The concluding chapter argues that other ministers, especially those younger than Cotton Mather, adapted more easily to reformed providentialism. Winship analyzes election sermons delivered between 1701 and 1728 to suggest that ministers born after 1660 had largely accommodated the discursive practices of reformed providentialism. The same chapter also paints the Great Awakening as a "provincial coda" to the Restoration. In the 1740s, religious enthusiasm and cultural unrest crystallized the changes in providentialism that had begun a century earlier in England. While the traditional understanding of providence, with its wonders and intense supernaturalism, continued in the popular cultures of New England, it ceased to be intellectually respectable among the learned.
Seers of God is an important contribution to Puritan studies. As Winship points out, the changing providentialism of Massachusetts Puritans is often mentioned but has not been fully explored. This book goes far toward filling that gap in the historiography. It also addresses the issue, raised most notably by Keith Thomas and David D. Hall, of "elite withdrawal" from a shared culture of wonders. Through the lens of Cotton Mather, Winship examines the process of withdrawal in beautiful detail. Just as remarkable is Winship's mastery of diverse strands of historiography, and his ability to bring them together to create a broad geographic and intellectual context for his story. His extensive and valuable footnotes teem with works from the history of science, European cultural history, the religious and intellectual history of New England, and the history of religious and political unrest in seventeenth-century England.
Seers of God covers much new ground, but it also makes a few revisionist statements. For example, Winship continues a historiographical trend that emphasizes the European roots and context of American religious and intellectual culture. He also engages a long-standing debate about Mather's reaction to Newtonian natural philosophy. Most have seen Mather as more or less accepting of the new science, but Winship argues persuasively that, though Mather admired Newton's immediate and sustaining deity, he was uncomfortable with the discursive practices that underwrote Newtonianism.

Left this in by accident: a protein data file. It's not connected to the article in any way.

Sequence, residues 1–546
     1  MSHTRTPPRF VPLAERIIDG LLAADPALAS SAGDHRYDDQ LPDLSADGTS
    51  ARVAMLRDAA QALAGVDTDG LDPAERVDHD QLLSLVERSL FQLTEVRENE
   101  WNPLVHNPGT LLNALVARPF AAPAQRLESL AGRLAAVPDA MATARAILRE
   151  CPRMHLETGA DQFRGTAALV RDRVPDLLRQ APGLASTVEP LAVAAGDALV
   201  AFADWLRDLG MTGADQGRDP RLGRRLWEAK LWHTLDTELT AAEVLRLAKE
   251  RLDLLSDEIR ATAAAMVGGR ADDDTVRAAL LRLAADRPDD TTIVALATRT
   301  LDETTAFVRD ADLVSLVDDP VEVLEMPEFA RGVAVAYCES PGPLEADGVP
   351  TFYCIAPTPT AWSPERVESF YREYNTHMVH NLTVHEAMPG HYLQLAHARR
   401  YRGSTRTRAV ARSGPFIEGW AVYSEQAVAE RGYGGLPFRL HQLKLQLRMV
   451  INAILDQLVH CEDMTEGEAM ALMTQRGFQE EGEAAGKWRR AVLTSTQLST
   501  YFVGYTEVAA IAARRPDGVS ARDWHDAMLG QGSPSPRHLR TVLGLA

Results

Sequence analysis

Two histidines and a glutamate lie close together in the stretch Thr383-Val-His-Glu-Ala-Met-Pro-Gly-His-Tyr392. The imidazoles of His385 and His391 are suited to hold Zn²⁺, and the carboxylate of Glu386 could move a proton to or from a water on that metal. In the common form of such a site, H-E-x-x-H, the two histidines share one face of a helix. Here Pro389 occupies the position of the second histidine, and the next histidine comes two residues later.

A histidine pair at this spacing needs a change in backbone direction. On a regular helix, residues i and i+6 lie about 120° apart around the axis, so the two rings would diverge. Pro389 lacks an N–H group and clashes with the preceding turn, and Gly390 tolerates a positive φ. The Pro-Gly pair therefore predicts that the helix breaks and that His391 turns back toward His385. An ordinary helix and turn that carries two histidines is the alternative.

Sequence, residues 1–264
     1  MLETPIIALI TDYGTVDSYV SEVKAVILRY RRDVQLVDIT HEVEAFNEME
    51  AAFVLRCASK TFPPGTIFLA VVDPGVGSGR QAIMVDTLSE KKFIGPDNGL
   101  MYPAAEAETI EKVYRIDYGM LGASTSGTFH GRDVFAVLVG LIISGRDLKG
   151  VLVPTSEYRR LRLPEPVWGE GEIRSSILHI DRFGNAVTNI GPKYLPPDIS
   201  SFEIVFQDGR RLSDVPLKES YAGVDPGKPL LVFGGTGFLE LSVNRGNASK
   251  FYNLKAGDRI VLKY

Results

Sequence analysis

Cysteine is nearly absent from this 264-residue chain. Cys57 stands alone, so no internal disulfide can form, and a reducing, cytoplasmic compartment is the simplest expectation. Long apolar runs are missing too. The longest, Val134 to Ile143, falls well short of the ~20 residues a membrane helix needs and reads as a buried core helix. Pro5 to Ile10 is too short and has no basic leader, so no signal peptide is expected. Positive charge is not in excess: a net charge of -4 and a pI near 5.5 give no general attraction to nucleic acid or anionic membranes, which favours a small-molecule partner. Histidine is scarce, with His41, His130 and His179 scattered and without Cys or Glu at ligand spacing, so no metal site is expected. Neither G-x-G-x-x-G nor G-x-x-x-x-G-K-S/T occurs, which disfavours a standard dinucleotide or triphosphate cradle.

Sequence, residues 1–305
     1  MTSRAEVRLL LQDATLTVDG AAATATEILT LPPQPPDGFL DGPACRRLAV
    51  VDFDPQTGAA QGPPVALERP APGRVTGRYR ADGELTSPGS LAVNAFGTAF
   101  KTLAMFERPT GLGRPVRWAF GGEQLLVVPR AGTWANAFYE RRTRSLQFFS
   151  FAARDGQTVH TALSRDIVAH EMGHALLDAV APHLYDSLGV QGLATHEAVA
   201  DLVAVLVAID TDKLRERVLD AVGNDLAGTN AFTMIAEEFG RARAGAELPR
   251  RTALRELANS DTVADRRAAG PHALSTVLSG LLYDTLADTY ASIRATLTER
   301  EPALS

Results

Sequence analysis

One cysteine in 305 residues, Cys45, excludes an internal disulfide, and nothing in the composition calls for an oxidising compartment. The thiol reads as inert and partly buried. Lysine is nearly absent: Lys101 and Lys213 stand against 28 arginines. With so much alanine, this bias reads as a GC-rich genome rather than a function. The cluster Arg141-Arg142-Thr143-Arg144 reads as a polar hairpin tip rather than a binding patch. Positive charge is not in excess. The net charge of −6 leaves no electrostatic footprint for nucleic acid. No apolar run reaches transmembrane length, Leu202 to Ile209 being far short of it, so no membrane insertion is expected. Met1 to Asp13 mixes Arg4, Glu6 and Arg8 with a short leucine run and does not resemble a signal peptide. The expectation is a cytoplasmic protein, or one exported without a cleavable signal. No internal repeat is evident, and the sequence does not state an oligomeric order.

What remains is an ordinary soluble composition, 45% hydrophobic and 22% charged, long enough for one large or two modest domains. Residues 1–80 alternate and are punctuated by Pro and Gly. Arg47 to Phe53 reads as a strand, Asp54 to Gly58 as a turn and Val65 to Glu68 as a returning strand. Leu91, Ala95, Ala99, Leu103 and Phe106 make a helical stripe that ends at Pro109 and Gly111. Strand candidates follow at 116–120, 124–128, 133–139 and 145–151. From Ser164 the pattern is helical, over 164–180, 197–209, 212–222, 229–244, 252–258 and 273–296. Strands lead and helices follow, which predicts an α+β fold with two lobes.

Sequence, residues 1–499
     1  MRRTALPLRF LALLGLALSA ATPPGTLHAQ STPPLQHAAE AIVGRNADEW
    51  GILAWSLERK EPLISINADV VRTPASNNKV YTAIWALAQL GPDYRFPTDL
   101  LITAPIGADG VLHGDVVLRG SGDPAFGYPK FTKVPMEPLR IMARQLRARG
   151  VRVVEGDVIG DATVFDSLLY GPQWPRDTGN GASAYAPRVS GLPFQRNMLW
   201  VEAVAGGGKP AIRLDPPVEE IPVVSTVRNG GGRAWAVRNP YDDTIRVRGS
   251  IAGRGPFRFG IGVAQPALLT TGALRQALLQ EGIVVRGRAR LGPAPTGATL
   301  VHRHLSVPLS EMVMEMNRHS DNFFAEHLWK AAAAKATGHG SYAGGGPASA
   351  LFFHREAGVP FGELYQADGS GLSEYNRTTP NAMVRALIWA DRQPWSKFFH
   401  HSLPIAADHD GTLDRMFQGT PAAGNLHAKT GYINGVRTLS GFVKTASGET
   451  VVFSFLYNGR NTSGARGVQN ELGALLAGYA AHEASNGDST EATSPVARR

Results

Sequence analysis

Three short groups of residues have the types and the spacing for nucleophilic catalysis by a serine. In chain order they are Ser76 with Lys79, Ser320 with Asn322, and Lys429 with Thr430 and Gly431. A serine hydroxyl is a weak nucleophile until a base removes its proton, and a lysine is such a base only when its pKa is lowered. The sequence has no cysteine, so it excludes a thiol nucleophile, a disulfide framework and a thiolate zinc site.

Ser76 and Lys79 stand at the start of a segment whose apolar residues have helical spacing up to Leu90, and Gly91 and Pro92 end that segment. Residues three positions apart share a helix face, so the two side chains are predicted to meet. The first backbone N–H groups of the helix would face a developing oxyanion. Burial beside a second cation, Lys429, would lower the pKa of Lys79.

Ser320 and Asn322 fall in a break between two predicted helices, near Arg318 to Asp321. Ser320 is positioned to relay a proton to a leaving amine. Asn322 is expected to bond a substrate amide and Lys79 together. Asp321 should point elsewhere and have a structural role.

The book does have weaknesses which, paradoxically, have the same source as one of its strengths. Winship's decision to use Cotton Mather as a lens through which to explore the conflicted and shifting intellectual discourses of the period both enhances and limits his study. Without a doubt, Mather's extensive writing, his intense self-consciousness, his strong desire to be accepted abroad, and his commitment to the faith of his fathers make him an ideal subject through which to study providentialism. Yet his prominence and idiosyncrasy raise questions about how representative he is of the Puritan ministry of Massachusetts.
Winship seems aware that using Mather as "a barometer of cultural change" is controversial. At one point he even concedes that the cultural hinterlands of Massachusetts may not have been as profoundly affected by the changes he describes as was Boston (p. 139). Nonetheless, he constantly defends Mather's representativeness. "While Mather's publications are unusual in their range and sociological transparency," he writes, "ample evidence exists confirming that his assessments were not idiosyncratic; Mather made visible in his writings cultural pressures and dilemmas that others worked out tacitly" (p. 5). However, since the "ample evidence" he mentions is not footnoted, the reader is left wondering whether Mather may truly be considered representative. The section of the final chapter where he studies the providential content of twenty-seven election sermons begins to address this question, but it could have been profitably expanded. In this one respect the book may fall short of its very ambitious title, but it remains an extremely valuable contribution to the field.
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Sara Errington. Review of Winship, Michael P., Seers of God: Puritan Providentialism in the Restoration and Early Enlightenment.